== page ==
This litany demonstrates beyond any doubt that, as David Kris has written, Trump “used the carrots and sticks of U.S. foreign policy and diplomacy, and at least attempted to use certain counterintelligence and law enforcement tools, to damage a political opponent. This represents a profoundly corrupt misuse of the machinery of government for personal gain.”
It’s important to stress, however, that even without these surrounding circumstances (or even if some of them depend on contested facts), what’s within the four corners of the White House account of the July 25 call, standing alone, reflects a gross abuse of office.
It also easily satisfies the constitutional standards for impeachment. Recent debates about whether Trump violated federal election law are misplaced and trivialize what’s really at stake here. The president’s derelictions are far more profound and more fundamental to the constitutional order than a mere violation of the criminal code. To use the scholar Charles Black’s canonical test for whether impeachment is warranted, Trump engaged in (1) extremely serious conduct that (2) corrupts or subverts the political and governmental process and “tend[s] seriously to undermine and corrupt the political order,” and (3) is “plainly wrong in [itself] to a person of honor, or to a good citizen, regardless of words on the statute books.”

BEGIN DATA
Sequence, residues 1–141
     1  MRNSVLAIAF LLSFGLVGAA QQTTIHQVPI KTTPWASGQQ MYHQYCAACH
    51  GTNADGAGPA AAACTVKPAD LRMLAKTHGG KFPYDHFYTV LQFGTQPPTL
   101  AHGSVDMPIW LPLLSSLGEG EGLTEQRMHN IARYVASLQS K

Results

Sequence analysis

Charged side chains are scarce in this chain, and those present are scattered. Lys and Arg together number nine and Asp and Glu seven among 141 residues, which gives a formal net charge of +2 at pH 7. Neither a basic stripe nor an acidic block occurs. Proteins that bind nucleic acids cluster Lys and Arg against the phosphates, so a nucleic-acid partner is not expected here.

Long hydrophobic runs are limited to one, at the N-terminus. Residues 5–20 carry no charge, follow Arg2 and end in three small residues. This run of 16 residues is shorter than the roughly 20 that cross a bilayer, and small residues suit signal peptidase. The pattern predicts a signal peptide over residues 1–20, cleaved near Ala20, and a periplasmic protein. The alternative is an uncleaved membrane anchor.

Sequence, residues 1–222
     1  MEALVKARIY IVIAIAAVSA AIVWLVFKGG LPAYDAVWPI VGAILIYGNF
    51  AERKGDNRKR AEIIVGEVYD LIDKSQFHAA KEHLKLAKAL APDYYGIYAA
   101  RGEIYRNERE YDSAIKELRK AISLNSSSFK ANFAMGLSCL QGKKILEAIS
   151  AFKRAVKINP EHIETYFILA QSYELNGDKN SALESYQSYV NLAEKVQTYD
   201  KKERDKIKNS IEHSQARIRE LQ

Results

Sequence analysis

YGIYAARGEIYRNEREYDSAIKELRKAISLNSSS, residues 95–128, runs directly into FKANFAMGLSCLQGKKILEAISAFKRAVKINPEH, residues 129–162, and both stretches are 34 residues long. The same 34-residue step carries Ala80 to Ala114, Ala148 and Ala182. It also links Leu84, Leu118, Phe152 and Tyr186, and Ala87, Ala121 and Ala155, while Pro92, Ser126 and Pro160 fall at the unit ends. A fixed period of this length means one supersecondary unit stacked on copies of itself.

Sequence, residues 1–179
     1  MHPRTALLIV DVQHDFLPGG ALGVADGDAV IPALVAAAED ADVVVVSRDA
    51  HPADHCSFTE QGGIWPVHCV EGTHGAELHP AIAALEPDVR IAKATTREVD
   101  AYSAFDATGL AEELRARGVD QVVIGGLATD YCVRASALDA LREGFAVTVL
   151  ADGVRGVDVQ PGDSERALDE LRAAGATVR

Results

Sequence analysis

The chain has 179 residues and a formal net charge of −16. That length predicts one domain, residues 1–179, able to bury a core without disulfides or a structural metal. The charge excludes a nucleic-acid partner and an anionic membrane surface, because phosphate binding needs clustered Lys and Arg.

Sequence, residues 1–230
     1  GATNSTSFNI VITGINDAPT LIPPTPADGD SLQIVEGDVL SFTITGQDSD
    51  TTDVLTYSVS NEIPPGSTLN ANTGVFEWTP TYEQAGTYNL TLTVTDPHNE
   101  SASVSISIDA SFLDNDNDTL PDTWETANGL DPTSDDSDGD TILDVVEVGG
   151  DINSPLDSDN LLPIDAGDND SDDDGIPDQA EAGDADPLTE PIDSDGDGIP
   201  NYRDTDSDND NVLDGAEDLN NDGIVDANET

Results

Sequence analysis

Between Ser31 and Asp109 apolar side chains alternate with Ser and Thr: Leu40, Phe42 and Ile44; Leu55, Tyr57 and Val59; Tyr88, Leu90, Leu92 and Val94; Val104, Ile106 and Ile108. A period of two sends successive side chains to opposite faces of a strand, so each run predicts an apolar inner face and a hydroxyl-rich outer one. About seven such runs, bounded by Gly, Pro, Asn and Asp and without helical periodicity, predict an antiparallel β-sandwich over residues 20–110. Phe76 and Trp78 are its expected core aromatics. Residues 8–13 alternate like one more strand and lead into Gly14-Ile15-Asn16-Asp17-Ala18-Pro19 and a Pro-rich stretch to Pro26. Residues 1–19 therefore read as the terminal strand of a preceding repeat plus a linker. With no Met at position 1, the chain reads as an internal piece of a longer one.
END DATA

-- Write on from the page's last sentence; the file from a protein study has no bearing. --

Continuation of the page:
Indeed, Black’s hypothetical case illuminating the operation of this test was eerily prescient: “Suppose,” he wrote, that “a president were shown by convincing evidence to have used the federal tax system consistently and massively as a means of harassing and punishing his political opponents. As far as I know, this conduct is not criminal in the ordinary sense. But does such gross misuse of what is supposed to be a politically neutral arm of government not tend seriously to undermine and corrupt the political order? Is it not obviously wrong, to any man of ordinary honor? If these questions are answered ‘yes,’ then this offense, as lawyers might say, is eiusdem generis, of the same kind, with treason and bribery … If it is not a crime under statute, then it is the kind of offense which ought to be held impeachable, though not criminal in the ordinary sense.”
And yet there’s another important feature of Donald Trump’s conduct with respect to the July 25 phone call, one that hasn’t received nearly the attention it deserves, that provides even more compelling proof of his unfitness to serve as chief executive—namely, what Trump thinks and says about that phone call today.
Trump doesn’t deny that he urged Zelensky to investigate the Bidens. Yet he’s not the least bit contrite about it. He doesn’t admit that he erred in an unguarded moment, and he certainly will never pledge to refrain from ever using his diplomatic authorities to advance his own electoral prospects. To the contrary: Trump insists that his conversation was “pitch perfect.” Just as he believes an attorney general’s job is to protect the president, regardless of any ethics constraints or norms of prosecutorial independence from the White House, it appears Trump sincerely believes there’s nothing wrong with using the levers of presidential diplomacy, and control of military aid, to induce foreign officials to dig up dirt on his political opponents. (The Washington Post reports that “even privately, Trump did not believe his conversation with the Ukrainian president was problematic, according to four people with whom he spoke.”)